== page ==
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Slapshot marketing

In the climactic scene of the best sports movie ever made, "Slapshot," directed by George Roy Hill, a winger on the luckless minor league Chiefs (Michael Ontkean) strips down to his jockstrap and skates around the rink demonstrating how absurd the world of professional sports can be. Well, the American Hockey League has just been stripped down to its jockstrap, so to speak. The NHL's minor league recently lost its coveted Morgan Stanley Dean Witter sponsorship, which supported nine East Coast teams last year. The league is in 27 markets across the U.S. and Canada, and most of the teams, including the Hershey Bears and the Manitoba Moose, are sponsored by local banks and hockey-equipment suppliers. But in the lucrative Northeast market, the AHL is on the hunt for a marketing partner to fill Morgan Stanley's shoes-or skates, as it were. Although the AHL is a more sophisticated organization than the brutal minor league in "Slapshot," it still shares some of the old-time hockey charm. According to AHL spokesman Brett Stothart, AHL teams travel by bus. "They drive for days, show up at a rink, kick each other's butts, and then get on the bus again for another 12-hour trip to another rink."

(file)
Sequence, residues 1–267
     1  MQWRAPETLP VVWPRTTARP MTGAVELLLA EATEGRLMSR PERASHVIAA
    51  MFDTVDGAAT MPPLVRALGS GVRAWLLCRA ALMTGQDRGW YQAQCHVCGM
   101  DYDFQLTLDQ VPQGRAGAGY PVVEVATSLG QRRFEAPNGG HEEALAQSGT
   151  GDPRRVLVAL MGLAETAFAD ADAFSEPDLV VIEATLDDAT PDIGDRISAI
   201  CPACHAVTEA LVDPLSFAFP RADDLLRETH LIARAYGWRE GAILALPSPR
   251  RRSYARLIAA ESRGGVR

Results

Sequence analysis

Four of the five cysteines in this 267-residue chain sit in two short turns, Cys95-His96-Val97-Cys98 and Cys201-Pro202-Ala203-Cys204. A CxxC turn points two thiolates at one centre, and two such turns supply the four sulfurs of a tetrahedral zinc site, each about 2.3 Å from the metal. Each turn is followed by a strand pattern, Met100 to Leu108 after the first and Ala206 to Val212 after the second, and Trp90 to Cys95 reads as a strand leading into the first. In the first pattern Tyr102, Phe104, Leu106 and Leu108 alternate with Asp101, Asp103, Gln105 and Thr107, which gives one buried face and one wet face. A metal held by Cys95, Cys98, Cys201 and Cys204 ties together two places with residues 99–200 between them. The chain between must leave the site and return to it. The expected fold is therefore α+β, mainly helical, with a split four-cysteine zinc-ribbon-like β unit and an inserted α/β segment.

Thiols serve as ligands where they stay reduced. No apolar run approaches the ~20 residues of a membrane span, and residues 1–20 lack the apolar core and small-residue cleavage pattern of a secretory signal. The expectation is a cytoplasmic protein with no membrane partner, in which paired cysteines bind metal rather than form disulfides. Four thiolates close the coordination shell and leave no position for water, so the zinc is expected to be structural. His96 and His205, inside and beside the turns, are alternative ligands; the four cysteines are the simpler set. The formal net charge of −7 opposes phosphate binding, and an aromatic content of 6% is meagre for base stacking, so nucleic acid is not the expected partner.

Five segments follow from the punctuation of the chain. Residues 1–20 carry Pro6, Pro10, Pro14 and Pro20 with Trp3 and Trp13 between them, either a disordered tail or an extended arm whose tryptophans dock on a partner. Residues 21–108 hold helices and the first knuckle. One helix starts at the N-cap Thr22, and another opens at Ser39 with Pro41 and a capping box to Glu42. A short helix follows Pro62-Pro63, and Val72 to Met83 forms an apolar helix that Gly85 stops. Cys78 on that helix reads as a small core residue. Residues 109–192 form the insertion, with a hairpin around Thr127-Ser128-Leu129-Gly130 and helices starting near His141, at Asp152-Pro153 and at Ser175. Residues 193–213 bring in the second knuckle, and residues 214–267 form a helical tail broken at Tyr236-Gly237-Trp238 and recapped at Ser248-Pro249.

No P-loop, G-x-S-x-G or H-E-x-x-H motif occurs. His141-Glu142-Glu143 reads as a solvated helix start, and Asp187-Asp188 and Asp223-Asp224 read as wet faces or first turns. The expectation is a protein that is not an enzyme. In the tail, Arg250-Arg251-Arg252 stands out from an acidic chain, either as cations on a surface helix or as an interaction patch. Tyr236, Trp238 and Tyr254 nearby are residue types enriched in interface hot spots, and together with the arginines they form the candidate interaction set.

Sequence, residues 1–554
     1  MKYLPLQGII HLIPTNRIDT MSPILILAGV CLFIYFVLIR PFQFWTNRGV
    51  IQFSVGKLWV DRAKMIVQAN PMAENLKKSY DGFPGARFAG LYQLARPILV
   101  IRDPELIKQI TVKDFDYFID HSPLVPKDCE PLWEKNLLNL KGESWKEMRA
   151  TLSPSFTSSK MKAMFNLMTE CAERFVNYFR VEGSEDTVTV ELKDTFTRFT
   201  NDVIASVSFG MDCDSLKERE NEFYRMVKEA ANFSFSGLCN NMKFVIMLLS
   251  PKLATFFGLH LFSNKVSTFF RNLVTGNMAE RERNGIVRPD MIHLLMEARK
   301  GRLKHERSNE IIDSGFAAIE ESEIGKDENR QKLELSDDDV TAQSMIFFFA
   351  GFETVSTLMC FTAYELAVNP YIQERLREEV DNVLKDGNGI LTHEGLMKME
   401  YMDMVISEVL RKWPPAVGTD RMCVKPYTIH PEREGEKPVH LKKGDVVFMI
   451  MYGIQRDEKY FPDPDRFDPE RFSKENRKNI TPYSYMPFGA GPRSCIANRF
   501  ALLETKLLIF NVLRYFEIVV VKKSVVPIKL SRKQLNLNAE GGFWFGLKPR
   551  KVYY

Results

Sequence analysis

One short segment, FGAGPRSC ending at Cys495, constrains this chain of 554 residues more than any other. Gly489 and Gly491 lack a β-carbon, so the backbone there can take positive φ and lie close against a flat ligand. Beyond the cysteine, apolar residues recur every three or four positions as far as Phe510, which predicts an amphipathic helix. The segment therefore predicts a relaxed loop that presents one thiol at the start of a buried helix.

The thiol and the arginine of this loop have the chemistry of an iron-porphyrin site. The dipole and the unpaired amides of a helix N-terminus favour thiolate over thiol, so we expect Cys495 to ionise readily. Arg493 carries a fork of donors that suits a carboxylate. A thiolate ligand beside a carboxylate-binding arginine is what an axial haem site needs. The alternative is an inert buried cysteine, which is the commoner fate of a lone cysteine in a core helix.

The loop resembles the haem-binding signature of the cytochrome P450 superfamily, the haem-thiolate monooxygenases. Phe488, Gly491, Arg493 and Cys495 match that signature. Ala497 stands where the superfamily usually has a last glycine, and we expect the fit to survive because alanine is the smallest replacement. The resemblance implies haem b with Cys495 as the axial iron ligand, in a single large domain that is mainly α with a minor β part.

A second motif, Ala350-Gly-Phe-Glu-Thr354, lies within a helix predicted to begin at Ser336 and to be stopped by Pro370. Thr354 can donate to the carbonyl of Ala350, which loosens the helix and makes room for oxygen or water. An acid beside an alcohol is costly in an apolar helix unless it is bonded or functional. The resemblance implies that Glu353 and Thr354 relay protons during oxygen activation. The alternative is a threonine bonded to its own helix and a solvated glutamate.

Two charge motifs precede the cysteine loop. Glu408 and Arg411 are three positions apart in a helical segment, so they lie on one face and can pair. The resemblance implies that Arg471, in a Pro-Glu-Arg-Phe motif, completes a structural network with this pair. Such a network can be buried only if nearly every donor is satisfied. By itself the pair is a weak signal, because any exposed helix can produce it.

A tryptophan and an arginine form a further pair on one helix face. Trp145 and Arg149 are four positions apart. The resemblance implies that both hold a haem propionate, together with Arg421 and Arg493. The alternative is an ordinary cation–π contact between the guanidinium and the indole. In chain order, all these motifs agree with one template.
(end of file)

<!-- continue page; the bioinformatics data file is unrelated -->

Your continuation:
The AHL All Star game, which takes place in February, is one of the league's premium events designed to attract new fans and advertisers. Will it take place in the Northeast U.S., where the next Morgan Stanley might be watching?

Not even close. Think Newfoundland, up in iceberg country, many cold miles from Wall Street, and home to the St John's Maple Leafs. "It's good hockey weather," says Chris Nikolis, VP-sales, AHL. Will players have to take the bus? (The car ferry itself from Nova Scotia takes six-hours.) No, says Mr. Nikolis. The AHL is chartering a plane from Hartford, Conn. Tickets for the February 14th game went on sale last week. "And we still have some advertiser openings," Mr. Nikolis says, "but they are going fast."

Seoul oh!

Trying to sell cars is tough these days, but quick-thinking marketers at troubled Daewoo Motor America have devised-and scrapped-a plan to spur December sales. According to execs close to Daewoo, the car maker was considering offering single round-trip tickets to Seoul, South Korea, with the purchase of any Daewoo model. No overnight accommodations, just the plane ride; you are on your own, literally. Will DaimlerChrysler up the ante with its own free solo trips to Stuttgart? Let's just hope Ford doesn't get any ideas about Dearborn junkets.

Read my bellybutton

The beleaguered Levi Strauss & Co. is moving a portion of its publicity functions to New York from San Francisco, a company spokesman said. Will the rest of the company's marketing, specifically its advertising duties, follow? The move of Robert Hanson, former president of Levi's brand for Europe to president of Levi's North America business has spurred speculation he would look at Levi's European shop, Bartle Bogle Hegarty, with its New York office. Other Levi watchers note Omnicom's BBDO has continued to weave its relationship with Levi's execs since it lost the pitch for the business in 1998.

Levi's shop TBWA/ Chiat/Day, San Francisco, says all goes well, but others acknowledge the relationship has been difficult. A spokesman for Levi Strauss said there was no review and would let Adages know when there is something to report.

Contributing: Alice Z. Cuneo and Jean Halliday

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